Gnawing self-doubt drives my life's work - Room director Lenny Abrahamson
Irish director Lenny Abrahamson talks to Niamh Horan about the years of disillusionment before his success
He is the toast of Hollywood after a coveted nomination for Best Director at the Academy Awards, but in a revealing interview with the Sunday Independent, Lenny Abrahamson has spoken about the bad times; when he was broke, the phone never rang and he became wracked with self-doubt.
In an inspirational tale to up-and-coming Irish film-makers, the Room director opened up about years of disillusionment before his success.
"It was when I had just returned to Ireland from the States after studying something very different, and I decided I was going to become a film-maker," he said.
"What followed was a period of about four or five years where absolutely nothing happened. And for the entire time I was sitting in a flat, trying to write and getting more and more disillusioned. I began to believe that it was never ever going to happen.
"I can just remember being broke, wondering if I had any talent - really wondering whether this was all a fantasy - but I had to get out there and keep trying. It's a lot easier for people now to go out and make films digitally for much less money, with equipment that's available, but when I was doing it, you know, when nobody cared about you, nobody was interested and you never really demonstrated the capacity to do it - you're wondering whether this was just an absolute [waste of time]."
But he says demons are part of the trade: "I think self-doubt goes with the territory. Every time you start again, you have got to start a whole new process of imagining and pulling together this unlikely thing which involves so many moving parts, and there are always many more ways to get it wrong than to get it right. So unless you worry at it - unless you have that gnawing uncertainty there - that's what drives the good work.
"I don't know any creative person who doesn't suffer from it or who doesn't question themselves, and the ones who don't are less interesting to me."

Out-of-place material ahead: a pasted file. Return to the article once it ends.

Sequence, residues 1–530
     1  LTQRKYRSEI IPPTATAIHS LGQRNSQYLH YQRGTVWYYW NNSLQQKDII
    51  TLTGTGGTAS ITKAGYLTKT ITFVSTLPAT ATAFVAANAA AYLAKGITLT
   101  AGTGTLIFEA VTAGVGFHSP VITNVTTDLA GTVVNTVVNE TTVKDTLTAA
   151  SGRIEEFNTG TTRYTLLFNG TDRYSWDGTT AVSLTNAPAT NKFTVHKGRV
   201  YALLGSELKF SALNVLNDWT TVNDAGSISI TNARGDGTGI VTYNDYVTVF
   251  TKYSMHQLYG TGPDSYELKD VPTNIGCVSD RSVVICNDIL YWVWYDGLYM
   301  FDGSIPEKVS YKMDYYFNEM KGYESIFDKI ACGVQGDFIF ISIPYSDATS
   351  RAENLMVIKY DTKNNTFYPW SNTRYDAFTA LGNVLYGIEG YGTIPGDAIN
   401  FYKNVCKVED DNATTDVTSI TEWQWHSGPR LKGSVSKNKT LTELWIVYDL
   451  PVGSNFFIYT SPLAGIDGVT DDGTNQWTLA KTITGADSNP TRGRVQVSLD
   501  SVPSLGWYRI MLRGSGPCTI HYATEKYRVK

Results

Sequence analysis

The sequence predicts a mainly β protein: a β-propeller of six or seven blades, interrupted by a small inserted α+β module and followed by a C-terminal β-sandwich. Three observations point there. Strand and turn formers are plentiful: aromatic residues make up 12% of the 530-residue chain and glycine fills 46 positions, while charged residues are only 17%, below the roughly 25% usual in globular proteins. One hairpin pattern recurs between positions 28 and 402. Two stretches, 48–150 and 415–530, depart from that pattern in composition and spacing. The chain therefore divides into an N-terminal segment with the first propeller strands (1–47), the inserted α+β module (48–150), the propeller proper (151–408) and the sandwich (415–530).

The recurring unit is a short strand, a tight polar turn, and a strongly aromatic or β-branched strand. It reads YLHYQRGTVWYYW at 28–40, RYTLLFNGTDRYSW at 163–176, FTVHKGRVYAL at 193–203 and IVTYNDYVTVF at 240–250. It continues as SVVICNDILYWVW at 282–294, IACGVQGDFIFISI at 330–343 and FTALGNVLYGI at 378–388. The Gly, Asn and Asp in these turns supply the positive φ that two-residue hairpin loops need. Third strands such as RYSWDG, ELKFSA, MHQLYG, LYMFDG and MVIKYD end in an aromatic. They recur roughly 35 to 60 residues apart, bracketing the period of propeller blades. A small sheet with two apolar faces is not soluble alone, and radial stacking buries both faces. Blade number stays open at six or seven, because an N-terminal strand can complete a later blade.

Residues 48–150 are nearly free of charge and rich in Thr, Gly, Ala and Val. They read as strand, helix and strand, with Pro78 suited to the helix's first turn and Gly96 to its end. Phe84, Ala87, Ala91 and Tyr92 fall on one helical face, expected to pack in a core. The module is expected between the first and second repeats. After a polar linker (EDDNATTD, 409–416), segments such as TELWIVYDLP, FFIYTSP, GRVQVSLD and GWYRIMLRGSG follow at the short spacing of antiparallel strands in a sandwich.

Describing the turning point, he says: "It was really the arrival of the film board again, [President] Michael D [Higgins] reinstating it, and a decision of my own to just get out and start making things, but before that there was definitely a moment of dejection."
Since then, his career has gone from strength to strength with What Richard Did making waves on home soil, while more recently, Frank and Room receiving international acclaim.
Room is about a mother (Brie Larson, who has received a Best Actress nomination) and her five-year-old son Jack (Jacob Tremblay) who live in captivity in a locked room. Irish-Canadian author Emma Donoghue has written the screenplay, adapting it from her own 2010 novel.
Speaking about the madness of film-making, he says it is "all consuming".
"I live it and think about it all the time. It's a real challenge to run the rest of your life, never mind two kids - and that has taught me that I really do have to disengage a little bit; but yeah, you think about it all the time, you lie awake thinking about it at night, you wake up thinking about it in the morning because you are involved in every single aspect of the creation of the film, and that's a responsibility - that so many people are putting a huge amount of their lives into it, it ultimately rests with you."
Abrahamson also hit out at the gender pay gap while at the launch of Irish Film Board's 2016 programme. "I think this is a global problem and I think it's great that it is being discussed properly now, because there is no good reason why there isn't the same number of female film-makers as there are male, and there is absolutely no good reason for the pay gap," he said.
"I know that - as in every other industry - there is still a major issue with gender pay [in film] and I think there's no excuse for it anymore. It's such a huge historical problem, but I think it's something in this industry we are only starting to discuss properly."
Meanwhile, apart from the four nods for Room, Brooklyn, starring Saoirse Ronan and based on a book by Irish writer Colm Toibin, took three nomination. Stutterer by Irish director Benjamin Cleary was nominated for best live action short and Kerryman Michael Fassbender is up for best actor for his performance in the title role in Steve Jobs.
Abrahamson said it was a "huge testament to the Irish Film Board" whose budget last year was only €11m.
"If the Government had the vision to increase it, we could have absolutely world-class film and animation," he said.